There’s been a lot of chatter about vitamin D lately so I’d like to synthesize the information and give you a comprehensive overview of this essential supplement. Vitamin D is a fat-soluble vitamin not naturally found in many foods, hence the fortifying of foods such dairy products, orange juice and some cereals. Our bodies can produce it through the sun’s ultraviolet rays hitting our skin.
Vitamin D regulates our neuromuscular and immune function and reduces inflammation.
Studies show that people with higher levels of vitamin D have a lower risk of breast cancer, colon cancer, prostate cancer, heart disease, depression, weight gain, and other maladies, though they do not definitively prove that lack of vitamin D causes disease.
“Vitamin D and skin cancer risk has been a really hot topic lately,” said Dr. Asgari. “There’s a whole lot of new evidence showing our vitamin D levels are probably insufficient, and vitamin D insufficiency may be linked with certain cancer risk. But the overall take-home message of our study is that vitamin D is not associated with decreased melanoma risk.” Maryam Asgari, M.D., from Kaiser Permanente in Oakland, Calif., Society for Investigative Dermatology Montreal, May 2009.
Data shows that we don’t get enough vitamin D and without sufficient levels our bones can become thin, brittle, or even distorted (rickets in children and osteomalacia in adults). It is essential for bone growth and bone remodeling as it promotes calcium absorption in the gut.
Mother Knew Best
I sometimes have a dilemma when I meet a patient who blood tests show Vitamin D deficiency. I know if I advise them to go out in the sun daily with no protection against UV rays they’ll get adequate amounts of Vitamin D, but run the risk of melanoma skin cancer. Maybe Mom’s were right when she asked us to go play outside. But those days have long been gone since parents are now concerned with safety and smog. Also sunscreen on children should be a first line of defense with children playing outdoors regardless if they synthesize less Vitamin D.
The Healthy Answer Solution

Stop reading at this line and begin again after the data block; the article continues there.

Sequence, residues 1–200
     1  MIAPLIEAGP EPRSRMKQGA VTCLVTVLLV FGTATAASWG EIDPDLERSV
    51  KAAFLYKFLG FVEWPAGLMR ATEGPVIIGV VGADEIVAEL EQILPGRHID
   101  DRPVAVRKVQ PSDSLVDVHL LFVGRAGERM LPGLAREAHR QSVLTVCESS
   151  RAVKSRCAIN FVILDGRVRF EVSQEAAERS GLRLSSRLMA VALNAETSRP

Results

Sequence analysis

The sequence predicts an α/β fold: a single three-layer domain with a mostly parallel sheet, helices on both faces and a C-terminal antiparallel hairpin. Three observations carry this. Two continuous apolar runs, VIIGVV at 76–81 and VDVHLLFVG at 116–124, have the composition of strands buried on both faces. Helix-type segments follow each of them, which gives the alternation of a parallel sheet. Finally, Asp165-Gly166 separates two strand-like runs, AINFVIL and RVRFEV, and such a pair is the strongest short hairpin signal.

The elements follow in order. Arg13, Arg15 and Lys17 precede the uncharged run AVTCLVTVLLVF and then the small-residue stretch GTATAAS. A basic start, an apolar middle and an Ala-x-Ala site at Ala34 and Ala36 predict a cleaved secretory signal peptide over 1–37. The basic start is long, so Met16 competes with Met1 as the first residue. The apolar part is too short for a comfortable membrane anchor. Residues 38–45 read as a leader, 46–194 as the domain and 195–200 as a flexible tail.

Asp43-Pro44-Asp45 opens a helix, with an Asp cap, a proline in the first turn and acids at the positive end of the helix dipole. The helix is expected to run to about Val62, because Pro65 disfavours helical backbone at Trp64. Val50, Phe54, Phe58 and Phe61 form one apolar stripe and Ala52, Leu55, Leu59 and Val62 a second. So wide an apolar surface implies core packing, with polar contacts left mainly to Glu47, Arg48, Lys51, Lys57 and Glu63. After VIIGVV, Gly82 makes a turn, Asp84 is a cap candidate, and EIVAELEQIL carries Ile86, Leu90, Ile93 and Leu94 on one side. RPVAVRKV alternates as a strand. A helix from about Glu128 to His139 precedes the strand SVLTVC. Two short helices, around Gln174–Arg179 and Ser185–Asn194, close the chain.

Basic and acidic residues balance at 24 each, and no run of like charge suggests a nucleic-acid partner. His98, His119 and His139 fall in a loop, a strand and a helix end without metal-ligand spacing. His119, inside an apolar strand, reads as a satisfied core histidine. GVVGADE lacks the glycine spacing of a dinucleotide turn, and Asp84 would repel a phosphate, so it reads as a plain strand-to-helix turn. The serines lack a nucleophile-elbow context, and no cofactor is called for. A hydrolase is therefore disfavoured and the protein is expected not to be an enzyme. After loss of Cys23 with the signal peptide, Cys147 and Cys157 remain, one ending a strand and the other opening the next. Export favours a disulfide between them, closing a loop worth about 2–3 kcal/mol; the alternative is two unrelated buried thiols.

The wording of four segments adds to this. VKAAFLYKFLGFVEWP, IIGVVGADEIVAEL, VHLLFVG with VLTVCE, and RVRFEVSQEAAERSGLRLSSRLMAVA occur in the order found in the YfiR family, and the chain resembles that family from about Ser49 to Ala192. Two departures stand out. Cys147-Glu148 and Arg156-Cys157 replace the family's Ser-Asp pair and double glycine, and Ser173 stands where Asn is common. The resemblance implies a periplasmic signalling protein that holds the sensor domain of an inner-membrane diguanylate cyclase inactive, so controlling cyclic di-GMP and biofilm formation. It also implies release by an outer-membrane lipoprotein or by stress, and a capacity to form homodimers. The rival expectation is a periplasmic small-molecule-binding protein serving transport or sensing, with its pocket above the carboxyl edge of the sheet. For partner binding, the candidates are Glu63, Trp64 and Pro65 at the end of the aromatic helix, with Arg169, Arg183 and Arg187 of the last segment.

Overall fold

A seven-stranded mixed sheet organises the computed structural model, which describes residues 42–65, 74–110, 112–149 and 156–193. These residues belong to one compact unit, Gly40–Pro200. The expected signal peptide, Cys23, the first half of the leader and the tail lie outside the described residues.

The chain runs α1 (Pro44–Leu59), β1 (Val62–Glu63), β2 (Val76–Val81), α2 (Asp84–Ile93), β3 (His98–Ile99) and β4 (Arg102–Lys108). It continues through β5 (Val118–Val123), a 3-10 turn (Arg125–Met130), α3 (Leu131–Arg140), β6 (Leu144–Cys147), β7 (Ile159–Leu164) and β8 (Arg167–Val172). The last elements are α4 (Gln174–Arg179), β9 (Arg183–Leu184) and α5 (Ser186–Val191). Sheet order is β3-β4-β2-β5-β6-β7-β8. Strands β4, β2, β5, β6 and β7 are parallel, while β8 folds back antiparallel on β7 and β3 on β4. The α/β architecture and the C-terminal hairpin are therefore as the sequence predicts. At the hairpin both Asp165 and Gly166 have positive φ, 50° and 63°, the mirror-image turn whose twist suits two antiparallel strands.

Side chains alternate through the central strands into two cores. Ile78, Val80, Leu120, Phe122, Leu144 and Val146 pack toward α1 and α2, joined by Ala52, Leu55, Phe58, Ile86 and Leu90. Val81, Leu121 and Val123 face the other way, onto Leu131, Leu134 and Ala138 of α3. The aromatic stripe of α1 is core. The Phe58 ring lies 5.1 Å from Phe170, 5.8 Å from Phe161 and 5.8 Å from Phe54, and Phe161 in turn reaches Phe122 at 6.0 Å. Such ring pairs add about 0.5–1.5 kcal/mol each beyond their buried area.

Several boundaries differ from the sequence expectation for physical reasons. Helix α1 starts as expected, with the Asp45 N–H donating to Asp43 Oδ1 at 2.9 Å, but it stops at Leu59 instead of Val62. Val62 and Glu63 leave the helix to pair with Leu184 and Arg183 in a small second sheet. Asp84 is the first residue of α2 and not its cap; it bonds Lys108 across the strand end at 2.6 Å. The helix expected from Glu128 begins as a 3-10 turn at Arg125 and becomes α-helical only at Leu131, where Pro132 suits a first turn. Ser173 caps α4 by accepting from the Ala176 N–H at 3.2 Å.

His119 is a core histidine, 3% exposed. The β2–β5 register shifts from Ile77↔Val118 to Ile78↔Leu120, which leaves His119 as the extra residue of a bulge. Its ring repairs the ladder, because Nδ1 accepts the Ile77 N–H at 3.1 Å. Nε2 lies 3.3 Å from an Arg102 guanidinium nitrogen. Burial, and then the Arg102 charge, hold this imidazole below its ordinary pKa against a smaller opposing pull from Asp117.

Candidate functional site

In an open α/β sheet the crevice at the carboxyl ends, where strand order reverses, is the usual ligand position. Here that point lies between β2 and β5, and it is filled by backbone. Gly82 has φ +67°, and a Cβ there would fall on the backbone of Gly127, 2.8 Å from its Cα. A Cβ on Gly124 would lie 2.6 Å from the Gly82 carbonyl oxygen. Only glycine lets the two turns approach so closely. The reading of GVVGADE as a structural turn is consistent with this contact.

So what is the solution to getting adequate vitamin D daily if you can’t get it from the best and natural source – the sun?
Diet can help. Our mother’s also knew something when begged us to take cod liver oil and fed us beef or calf liver (both excellent sources of vitamin D), but as we got older, we exerted our rights and gave up on these unwanted delicacies! Other sources are oily fish, like salmon and mackerel, tuna and sardines packed in oil, milk, cheese, and egg yolks. But eating these foods in quantities sufficient to provide adequate vitamin D can cause weight gain. And the high fat content doesn’t make for a heart-healthy diet.
Supplements provide a good source of vitamin D. The current recommended daily dose is 200 IU for ages up to 50; 400 IU for those of us between 51 and 70; and 600 IU for the over 70 group. However, Boston University vitamin D expert Michael Holick, MD PhD, says this isn’t enough. He recommends a dose of 1,000 IU a day of vitamin D for both infants and adults – unless they are getting plenty of safe sun exposure.
Mixing vitamin D with calcium solves two possible deficiencies and they, along with vitamin K, complement each other promoting maximum absorption.
Discuss your vitamin D needs with your doctor. A simple blood test – the 25(OH)D or calcidiol test – will show if your levels are low. With these tests your doctor will also be aware of any medications you are taking that might affect negatively vitamin D absorption.
My advice is to get a little sun, lots of fresh air and exercise, eat a healthy diet and take a good daily supplement.